Purple Lovegrass is a beautiful and eye-catching Florida native groundcover. It is a bunching grass that grows slowly with a fibrous root system. It grows on disturbed and undisturbed sandy soils, borders, embankments, meadows, dry savannahs, and prairies. Drought and salt tolerant, it thrives in sandy soils where other grasses can not be grown. Purple Lovegrass prefers full sun but is tolerant of partial shade. In the spring it displays is blue-green foliage. In the summer the plant displays purplish-pink spikelets. In the fall it develops a bronze-red color and the seeds have a beige color. The entire seed branch will detach and blow away like a tumbleweed in the wind.
Purple Lovegrass is used in gardens because it is a tough low maintenance grass that needs little care. This grass is a perennial that will reseed. The smooth leaf blades are 10 inches long and 1/4 of an inch wide. The plant is 2 feet tall with a 2-3 foot spread. Purple Lovegrass supports wildlife, that uses it as cover and as nesting material. It is a host to the caterpillars of the Zabulon skipper and attracts other butterflies and birds. Deer will not eat this plant but other small animals will forage on its seeds. From a distance, when planted en mass it offers a stunning display to the landscape.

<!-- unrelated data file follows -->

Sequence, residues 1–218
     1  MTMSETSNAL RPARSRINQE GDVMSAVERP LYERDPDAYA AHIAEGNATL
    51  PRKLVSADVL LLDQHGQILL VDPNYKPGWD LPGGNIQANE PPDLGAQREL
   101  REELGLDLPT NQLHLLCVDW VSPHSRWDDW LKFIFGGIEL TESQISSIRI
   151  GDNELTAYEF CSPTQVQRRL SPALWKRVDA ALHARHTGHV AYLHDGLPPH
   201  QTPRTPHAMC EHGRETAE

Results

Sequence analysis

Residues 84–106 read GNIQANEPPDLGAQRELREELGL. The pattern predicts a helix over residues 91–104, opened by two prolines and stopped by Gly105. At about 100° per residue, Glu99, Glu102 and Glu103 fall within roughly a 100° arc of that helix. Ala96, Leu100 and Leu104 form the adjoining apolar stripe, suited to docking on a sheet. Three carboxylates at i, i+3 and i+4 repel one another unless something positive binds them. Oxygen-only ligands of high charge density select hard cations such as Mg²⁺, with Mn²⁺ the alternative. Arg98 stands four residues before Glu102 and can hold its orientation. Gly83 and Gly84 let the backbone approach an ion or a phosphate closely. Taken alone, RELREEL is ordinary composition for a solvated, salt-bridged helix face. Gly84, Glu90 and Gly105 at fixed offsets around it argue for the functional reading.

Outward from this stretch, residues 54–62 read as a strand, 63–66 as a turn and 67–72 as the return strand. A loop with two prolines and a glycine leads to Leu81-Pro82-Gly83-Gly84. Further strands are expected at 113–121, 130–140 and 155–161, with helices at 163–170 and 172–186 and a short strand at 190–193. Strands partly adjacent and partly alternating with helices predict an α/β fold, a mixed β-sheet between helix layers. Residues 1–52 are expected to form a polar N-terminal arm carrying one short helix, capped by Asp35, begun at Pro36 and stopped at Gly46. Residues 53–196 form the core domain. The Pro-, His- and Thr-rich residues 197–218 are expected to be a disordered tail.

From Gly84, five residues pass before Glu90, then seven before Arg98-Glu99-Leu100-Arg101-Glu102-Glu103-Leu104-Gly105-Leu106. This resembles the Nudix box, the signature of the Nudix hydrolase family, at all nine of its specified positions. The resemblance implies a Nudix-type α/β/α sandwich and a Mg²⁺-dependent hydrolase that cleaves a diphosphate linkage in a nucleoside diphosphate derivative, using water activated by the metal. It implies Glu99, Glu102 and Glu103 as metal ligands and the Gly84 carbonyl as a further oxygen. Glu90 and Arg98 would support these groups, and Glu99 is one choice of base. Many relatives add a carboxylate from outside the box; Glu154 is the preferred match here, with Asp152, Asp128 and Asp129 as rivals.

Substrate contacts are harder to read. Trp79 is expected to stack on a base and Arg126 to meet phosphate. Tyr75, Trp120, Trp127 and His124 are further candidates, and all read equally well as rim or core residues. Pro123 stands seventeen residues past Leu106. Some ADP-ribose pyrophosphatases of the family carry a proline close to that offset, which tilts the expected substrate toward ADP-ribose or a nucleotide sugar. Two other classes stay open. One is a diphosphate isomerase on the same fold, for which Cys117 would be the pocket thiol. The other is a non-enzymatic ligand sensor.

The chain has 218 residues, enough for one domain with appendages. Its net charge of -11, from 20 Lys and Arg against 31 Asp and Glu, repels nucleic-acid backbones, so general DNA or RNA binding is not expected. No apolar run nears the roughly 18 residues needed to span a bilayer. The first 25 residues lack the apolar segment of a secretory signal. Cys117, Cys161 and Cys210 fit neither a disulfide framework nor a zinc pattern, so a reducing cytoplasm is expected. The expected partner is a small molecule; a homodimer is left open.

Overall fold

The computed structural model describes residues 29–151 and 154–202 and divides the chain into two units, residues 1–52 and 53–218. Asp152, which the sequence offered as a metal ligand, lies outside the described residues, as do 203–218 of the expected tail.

Did you know:
Purple Lovegrass is widely used by internationally renowned garden designer Piet Oudolf and was listed as one of his “100 Must-Have Plants” in Gardens Illustrated magazine.
Photo Credit: James H. Miller, USDA Forest Service, Bugwood.org.